Or enable  your site.  Remember if you are using virtual hosting you will have to use IP Based virtual hosting to assign the SSL to an IP Address.

sudo  a2ensite default-ssl

After all of this is done, restart Apache:

service apache2 restart

Apache/2.2.12 mod_ssl/2.2.12 (Pass Phrase Dialog)
Some of your private key files are encrypted for security reasons.
In order to read them you have to provide the pass phrases.

Server 127.0.1.1:80 (RSA)
Enter pass phrase:

Ok: Pass Phrase Dialog successful.
[ ok ]

Now that you’ve installed  the private encryption key, you’ll need to supply your passphrase every time you start or restart Apache.

Once you get the “https” prefix right, you’ll get this if you’re using a self-signed certificate.  You will have the choice to accept or reject the self-signed certificate.

You can accept the certificate, but you’re not through yet.  There’s also the little detail of having a domain name on the certificate that doesn’t match the URL.

You can choose to view the certificate before deciding whether to accept or reject it.

You can see from the example above that the attempt to connect using regular http will not allow a connection but also you can see that if you type https://ubmail.example.com/postfixadmin it sends you to a secure login for the postfixadmin and you can use it securely.

Password Protected Directory
Now lock down the directory so only and administrator with a password can get access.

Apache provides Password Authentication to directories using the htpasswd program. The first thing that needs to be done is to decide on where to place these password files. It is important that they are not placed in areas that are easily accessed as they should only be read by apache. It is probably best to place them in the /etc/apache2 directory. You may even want to create a separate more secure directory called within /etc/apache2. Use the htpasswd program to initialize a file for sales for example:

sudo htpasswd -c /etc/apache2/postfixadmin tom

The program will request a password and then to confirm the password. The -c option creates the file so DO NOT USE IT THE SECOND TIME!!!! If you do it will wipe out the first users you placed in the file. The password file will contain passwords for any number of people you want to have access to this folder. For example if you wanted to add mary later you would use this command:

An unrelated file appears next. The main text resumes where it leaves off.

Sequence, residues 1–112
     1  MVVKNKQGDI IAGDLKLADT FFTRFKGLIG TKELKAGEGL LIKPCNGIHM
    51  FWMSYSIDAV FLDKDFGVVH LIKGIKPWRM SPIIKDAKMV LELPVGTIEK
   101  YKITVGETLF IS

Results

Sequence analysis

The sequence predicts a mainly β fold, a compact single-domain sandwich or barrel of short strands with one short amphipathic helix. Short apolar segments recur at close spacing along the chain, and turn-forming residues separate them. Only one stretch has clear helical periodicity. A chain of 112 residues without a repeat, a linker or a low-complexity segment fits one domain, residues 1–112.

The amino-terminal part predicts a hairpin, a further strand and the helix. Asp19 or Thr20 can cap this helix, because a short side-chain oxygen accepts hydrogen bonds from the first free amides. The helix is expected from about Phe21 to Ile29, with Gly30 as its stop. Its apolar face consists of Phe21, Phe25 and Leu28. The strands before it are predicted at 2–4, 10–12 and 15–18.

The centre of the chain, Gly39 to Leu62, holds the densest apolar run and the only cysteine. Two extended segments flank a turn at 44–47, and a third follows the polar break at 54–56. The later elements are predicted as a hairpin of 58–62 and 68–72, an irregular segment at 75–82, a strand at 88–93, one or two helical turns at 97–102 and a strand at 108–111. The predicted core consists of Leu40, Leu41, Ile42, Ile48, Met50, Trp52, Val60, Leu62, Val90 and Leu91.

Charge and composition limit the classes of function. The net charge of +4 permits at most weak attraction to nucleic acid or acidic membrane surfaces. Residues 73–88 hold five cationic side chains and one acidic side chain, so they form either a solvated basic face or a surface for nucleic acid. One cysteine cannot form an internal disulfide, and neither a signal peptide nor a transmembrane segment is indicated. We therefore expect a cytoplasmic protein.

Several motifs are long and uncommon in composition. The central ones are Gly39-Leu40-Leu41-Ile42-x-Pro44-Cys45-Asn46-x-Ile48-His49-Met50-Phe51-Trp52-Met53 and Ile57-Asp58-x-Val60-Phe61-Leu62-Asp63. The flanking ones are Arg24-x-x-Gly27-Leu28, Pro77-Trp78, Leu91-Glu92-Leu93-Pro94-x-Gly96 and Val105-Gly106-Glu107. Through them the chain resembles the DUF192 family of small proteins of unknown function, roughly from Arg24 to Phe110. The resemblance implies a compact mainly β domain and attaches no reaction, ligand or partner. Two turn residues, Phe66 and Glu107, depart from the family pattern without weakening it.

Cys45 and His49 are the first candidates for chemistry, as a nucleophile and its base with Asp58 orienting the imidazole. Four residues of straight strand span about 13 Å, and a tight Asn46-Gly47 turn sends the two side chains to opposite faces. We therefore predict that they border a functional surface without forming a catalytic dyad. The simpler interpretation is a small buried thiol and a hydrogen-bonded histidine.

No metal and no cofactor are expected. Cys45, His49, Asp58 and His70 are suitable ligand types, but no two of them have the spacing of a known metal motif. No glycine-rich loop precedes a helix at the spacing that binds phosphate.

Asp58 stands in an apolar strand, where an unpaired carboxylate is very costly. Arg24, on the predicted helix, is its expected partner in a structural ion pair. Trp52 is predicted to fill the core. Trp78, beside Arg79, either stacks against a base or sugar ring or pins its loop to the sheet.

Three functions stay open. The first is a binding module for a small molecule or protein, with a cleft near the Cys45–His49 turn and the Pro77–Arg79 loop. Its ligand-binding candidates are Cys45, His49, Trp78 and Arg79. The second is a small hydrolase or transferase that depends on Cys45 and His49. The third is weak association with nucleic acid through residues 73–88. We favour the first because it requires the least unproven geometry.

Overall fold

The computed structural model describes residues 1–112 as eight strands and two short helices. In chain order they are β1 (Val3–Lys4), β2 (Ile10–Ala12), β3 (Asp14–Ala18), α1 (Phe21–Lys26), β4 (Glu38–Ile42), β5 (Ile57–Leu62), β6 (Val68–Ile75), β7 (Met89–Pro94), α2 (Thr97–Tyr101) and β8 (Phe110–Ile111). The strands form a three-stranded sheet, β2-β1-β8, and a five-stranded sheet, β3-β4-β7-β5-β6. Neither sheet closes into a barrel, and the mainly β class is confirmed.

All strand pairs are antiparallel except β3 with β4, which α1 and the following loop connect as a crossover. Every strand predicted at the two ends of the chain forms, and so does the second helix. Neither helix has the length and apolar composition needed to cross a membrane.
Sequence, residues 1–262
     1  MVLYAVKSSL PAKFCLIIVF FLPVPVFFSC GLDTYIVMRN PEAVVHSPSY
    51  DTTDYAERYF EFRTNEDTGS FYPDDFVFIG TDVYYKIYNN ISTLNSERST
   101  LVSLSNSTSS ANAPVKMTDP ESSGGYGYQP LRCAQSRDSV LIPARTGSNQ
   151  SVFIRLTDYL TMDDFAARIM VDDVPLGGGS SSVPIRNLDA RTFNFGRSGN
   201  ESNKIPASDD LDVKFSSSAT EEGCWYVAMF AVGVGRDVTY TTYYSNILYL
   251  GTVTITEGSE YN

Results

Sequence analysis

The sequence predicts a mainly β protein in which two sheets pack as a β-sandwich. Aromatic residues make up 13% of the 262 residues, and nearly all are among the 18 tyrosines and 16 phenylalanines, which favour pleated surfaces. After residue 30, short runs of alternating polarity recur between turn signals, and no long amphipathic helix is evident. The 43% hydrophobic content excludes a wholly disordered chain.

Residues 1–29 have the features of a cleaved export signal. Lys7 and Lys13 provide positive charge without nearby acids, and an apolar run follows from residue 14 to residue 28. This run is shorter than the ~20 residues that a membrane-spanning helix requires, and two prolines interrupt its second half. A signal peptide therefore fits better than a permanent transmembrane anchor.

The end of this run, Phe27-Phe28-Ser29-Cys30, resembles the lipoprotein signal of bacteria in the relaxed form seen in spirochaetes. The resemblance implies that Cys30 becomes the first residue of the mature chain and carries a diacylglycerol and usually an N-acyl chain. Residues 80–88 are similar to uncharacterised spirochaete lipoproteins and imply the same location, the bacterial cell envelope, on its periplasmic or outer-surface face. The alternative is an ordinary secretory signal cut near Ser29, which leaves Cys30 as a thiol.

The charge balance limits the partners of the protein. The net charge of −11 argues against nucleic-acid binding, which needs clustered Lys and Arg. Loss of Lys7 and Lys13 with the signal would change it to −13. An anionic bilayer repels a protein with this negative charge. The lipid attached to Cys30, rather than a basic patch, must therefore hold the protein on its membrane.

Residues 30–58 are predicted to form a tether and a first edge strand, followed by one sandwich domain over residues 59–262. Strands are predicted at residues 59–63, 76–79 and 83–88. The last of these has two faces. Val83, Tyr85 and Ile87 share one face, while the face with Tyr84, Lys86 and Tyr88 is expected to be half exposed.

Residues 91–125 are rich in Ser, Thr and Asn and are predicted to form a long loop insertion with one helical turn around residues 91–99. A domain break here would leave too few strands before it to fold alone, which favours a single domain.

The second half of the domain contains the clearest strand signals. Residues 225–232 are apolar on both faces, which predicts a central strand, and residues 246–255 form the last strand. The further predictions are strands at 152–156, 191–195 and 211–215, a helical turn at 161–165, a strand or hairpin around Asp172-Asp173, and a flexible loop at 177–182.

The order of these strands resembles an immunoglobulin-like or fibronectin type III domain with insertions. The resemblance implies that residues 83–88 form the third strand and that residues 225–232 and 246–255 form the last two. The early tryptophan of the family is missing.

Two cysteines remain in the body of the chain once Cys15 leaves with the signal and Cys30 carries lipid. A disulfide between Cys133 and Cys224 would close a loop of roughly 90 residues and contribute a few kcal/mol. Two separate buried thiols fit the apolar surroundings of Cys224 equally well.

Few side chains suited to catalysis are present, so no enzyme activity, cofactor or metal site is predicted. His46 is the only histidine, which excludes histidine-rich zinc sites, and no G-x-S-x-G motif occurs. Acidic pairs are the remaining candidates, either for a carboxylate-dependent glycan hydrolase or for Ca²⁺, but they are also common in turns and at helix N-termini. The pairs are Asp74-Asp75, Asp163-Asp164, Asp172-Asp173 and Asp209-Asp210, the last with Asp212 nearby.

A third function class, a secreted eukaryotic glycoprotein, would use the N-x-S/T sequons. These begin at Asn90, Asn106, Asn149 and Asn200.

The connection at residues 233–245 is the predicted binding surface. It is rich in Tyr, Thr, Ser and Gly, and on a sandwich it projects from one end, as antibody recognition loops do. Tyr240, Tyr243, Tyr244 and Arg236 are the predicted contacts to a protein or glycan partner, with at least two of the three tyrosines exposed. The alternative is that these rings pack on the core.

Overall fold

sudo htpasswd /etc/apache2/postfixadmin mary

The next step is to make sure the permissions are correct on the password files. Change the owner to apache and change permissions to 600.

chown www-data:www-data postfixadmin

The owner and group were changed to www-data. Note you will need to verify these permissions each time changes are made to the file.

chmod 600 postfixadmin

Now the file rights are rw for the owner and nothing for group or other. This is an important setting.

Once a password file has been created, the directory that needs to be protected should be setup in the config file for your web server. The Directory directive is used to create the context of the file by using:

<Directory >
</Directory>

The first line shows which directory the password will protect.

<Directory /var/www/postfixadmin>

The second line determines the kind of authentication, which is Basic.

AuthType Basic

The AuthName will show on the login this text string to verify which group should use this directory.

AuthName “Admin Group”

The AuthUserFile is the file location for the password file.

AuthUserFile /etc/apache2/postfixadmin

Each user of the directory may be determined with specific listing of the user name and the inclusion of that password in the /etc/apache2/postfixadmin password file. “require user” will mandate that no one will be able to use this directory except those users listed. require user tom jane mary joe

If there were a lot of people using the directory one password could be given to all users in the admin group for example.

<Directory /var/www/postfixadmin>
AuthType Basic
AuthName “Admin  Group”
AuthUserFile /etc/apache2/postfixadmin
require user tom jane mary joe
</Directory>

Once you have saved this restart apache and then you can see below that now not only is it encrypted but users have to have a password to access the directory.